Al Unser shows perfect form en route to winning the Golden State 100 at Sacramento.
Sacramento, Calif. (September 28, 1969) – First came Greg Weld and Mario Andretti, then Billy Vukovich and last and most seriously Gary Bettenhausen to hurl challenges at Al Unser, who accepted and shook them off to win the Golden State 100-mile race wire to wire on Sunday afternoon.Bettenhausen's bid to win fell short by a car length as Unser flashed across the finish line at the “Old Fairgrounds” with a broken rear suspension, which made the car about, as easy to handle as a loaded cement truck.
Unser traveled the distance in one hour, four minutes, 9:19 seconds (a 93.523 mile per hour average) for the second fastest time ever posted here. A. J. Foyt, who canceled out because of an important Ohio race, holds the track mark at 1:02:16:6 set in 1962.
So hard was Bettenhausen, who started 15th in the field of 18, charging at the end that he got out of the groove and spun almost through the first turn and came to halt in a cloud of dust while 10,969 fans heaved a sigh of relief.
Unser's share of the $29,342 purse from the gross $53,104 amounted to a little over $8,000.
But Unser, who won his eighth career championship, almost came away empty handed when the suspension on his Ford - powered car let go with two laps left.
“The sway bar broke and when it fell down it popped the torsion bar,” said the 30-year-old Unser. “After that the car was very hard to handle.”
Weld, of Kansas City, took the pole in qualifying rounds with a 36.90-second lap in his Plymouth - powered STP Special and chased Unser until the 37th lap when Andretti slipped past his teammate. Weld never threatened after that.
Andretti was traveling five to six seconds behind Unser, but Vukovich took the challengers spot away at the midway point and Mario subsequently went out at 84 laps with engine trouble.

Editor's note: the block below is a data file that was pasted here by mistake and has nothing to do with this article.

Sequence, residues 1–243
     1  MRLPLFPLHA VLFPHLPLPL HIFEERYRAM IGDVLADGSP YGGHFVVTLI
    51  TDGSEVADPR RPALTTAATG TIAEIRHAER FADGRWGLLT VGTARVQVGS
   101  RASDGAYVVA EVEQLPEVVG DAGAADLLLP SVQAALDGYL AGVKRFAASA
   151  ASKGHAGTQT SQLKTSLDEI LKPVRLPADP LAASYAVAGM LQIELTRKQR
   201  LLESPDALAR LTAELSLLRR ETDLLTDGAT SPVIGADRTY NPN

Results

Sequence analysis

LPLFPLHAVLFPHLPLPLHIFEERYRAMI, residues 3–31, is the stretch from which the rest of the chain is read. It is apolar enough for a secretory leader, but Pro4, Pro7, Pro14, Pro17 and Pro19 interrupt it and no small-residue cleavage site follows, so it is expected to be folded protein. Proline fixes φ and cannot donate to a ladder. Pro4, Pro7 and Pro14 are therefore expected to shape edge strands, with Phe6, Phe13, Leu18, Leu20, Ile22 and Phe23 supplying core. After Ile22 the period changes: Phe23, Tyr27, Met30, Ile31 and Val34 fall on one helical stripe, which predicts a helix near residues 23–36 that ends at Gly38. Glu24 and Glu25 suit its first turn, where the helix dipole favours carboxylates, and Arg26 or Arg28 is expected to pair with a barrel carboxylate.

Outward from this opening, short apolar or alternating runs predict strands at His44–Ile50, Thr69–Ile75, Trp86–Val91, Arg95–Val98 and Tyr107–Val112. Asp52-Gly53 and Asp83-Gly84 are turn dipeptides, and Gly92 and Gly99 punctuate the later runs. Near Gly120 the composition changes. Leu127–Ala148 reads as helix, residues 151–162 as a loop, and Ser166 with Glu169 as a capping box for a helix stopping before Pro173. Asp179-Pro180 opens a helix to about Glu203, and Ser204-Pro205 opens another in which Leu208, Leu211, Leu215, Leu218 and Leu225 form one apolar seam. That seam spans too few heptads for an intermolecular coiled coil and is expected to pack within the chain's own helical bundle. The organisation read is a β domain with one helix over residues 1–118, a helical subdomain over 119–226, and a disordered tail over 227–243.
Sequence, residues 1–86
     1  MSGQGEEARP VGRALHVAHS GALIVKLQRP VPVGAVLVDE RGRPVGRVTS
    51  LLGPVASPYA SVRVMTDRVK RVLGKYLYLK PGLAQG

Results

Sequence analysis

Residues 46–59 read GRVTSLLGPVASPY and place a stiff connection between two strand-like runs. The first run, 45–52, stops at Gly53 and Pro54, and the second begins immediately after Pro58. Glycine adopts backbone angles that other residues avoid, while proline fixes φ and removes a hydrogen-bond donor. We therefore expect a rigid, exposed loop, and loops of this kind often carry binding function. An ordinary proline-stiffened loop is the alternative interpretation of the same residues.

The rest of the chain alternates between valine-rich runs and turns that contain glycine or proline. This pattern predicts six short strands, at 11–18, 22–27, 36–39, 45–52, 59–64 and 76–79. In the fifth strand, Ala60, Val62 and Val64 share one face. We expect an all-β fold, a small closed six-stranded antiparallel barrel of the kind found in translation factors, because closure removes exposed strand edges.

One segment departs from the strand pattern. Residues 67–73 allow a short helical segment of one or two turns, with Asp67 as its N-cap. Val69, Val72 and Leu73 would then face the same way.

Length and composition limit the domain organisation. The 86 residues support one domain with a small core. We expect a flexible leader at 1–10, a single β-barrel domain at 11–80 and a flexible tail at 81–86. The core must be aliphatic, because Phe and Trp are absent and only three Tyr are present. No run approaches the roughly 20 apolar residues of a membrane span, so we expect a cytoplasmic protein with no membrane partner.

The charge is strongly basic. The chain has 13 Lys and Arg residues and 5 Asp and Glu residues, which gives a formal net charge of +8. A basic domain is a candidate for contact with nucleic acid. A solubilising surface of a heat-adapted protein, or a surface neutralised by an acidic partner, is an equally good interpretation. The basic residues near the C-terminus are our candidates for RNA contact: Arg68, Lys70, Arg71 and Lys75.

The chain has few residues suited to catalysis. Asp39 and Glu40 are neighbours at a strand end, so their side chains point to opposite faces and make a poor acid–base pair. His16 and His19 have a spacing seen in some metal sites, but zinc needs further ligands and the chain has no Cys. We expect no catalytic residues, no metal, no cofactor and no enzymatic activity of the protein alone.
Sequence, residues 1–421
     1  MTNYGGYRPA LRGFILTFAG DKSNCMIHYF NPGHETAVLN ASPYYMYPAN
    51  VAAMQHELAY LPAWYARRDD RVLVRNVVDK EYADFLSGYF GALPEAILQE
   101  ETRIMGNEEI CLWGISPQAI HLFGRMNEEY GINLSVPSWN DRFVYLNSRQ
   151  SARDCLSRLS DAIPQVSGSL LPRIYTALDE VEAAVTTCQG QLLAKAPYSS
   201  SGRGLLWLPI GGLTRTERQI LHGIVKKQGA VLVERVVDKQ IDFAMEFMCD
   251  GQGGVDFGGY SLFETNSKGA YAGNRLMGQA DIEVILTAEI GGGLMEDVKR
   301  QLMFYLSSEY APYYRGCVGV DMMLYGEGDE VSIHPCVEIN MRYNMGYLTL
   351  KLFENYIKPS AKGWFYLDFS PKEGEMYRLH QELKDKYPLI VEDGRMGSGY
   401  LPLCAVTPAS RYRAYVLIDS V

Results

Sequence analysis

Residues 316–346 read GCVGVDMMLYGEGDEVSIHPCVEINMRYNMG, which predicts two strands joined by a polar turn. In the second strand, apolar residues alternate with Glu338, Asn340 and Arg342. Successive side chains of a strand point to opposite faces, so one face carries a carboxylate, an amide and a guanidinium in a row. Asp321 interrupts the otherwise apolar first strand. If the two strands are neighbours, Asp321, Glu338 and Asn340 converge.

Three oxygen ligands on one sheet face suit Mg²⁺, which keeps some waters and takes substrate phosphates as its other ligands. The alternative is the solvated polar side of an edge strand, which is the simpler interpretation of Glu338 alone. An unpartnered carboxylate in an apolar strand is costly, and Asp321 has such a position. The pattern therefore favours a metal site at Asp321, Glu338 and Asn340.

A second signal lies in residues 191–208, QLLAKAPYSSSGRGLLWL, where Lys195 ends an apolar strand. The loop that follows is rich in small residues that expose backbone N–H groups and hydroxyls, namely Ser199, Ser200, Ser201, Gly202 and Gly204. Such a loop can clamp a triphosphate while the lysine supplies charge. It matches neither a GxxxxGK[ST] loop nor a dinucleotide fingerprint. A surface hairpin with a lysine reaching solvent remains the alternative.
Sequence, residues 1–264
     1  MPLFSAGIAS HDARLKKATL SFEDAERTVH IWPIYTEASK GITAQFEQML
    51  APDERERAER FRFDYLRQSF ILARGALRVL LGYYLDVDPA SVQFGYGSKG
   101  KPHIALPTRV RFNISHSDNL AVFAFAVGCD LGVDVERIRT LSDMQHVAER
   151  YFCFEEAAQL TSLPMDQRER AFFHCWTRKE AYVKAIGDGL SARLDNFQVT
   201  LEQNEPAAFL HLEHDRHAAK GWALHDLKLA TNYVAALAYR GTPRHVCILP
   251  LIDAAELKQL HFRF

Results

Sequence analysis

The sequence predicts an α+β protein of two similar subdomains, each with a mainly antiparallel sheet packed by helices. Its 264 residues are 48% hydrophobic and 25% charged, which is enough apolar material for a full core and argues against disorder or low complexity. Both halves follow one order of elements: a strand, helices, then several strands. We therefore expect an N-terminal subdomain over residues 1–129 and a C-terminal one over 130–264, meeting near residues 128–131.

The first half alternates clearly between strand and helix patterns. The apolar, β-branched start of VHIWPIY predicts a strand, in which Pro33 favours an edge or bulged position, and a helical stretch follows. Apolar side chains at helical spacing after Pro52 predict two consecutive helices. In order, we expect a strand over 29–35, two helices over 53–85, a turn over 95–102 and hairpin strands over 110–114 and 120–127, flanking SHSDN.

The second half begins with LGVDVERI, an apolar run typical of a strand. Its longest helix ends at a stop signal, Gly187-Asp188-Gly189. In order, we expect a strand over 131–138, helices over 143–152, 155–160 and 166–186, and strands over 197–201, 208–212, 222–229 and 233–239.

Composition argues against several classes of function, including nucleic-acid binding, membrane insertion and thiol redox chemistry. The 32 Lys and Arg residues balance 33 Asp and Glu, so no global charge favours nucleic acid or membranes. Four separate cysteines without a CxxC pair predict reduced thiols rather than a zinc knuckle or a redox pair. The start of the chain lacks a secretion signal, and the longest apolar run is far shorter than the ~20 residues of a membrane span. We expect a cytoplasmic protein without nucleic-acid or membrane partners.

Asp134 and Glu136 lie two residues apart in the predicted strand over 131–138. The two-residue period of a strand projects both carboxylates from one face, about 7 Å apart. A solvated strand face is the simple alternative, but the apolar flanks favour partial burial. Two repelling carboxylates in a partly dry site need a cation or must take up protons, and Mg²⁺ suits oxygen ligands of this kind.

On the previous lap, Unser had to call on his driving skills when he got too high in the grandstand turn and nearly hit the fence. It was at this point that Vukovich and Bettenhausen closed the gap to three seconds.
When the three leaders came hurtling out of the far turn near the end of the 93rd lap the right rear tire on Vukovich's car blew. Pit crews scattered as the J.C. Agajanian Offy slid to a stop. Exit Vukovich.
1. Al Unser, Albuquerque, N.M.
2. Gary Bettenhausen, Tinley Park, Ill.
3. Bobby Unser, Albuquerque, N.M.
4. Bruce Walkup, Downey, Calif.
5. Carl Williams, Kansas City
6. Bill Puterbaugh, Indianapolis
7. Johnny Parsons Jr., Encinitas, Calif.
8. Johnny Anderson, Sacramento
9. Wally Dallenbach, East Brunswick, N.J.
10.Larry Dickson, Marietta, Ohio
11.Bob Harkey, Speedway, Ind.
12.Greg Weld, Kansas City
13.Billy Vukovich, Fresno, Calif.
14.Art Pollard, Medford, Ore.
15.Mario Andretti, Nazareth, Penn.
16.Jim McElreath, Arlington, Tex.
17.Mike Mosley, West Covina, Calif.
18.Tommy Copp, Fresno, Calif.
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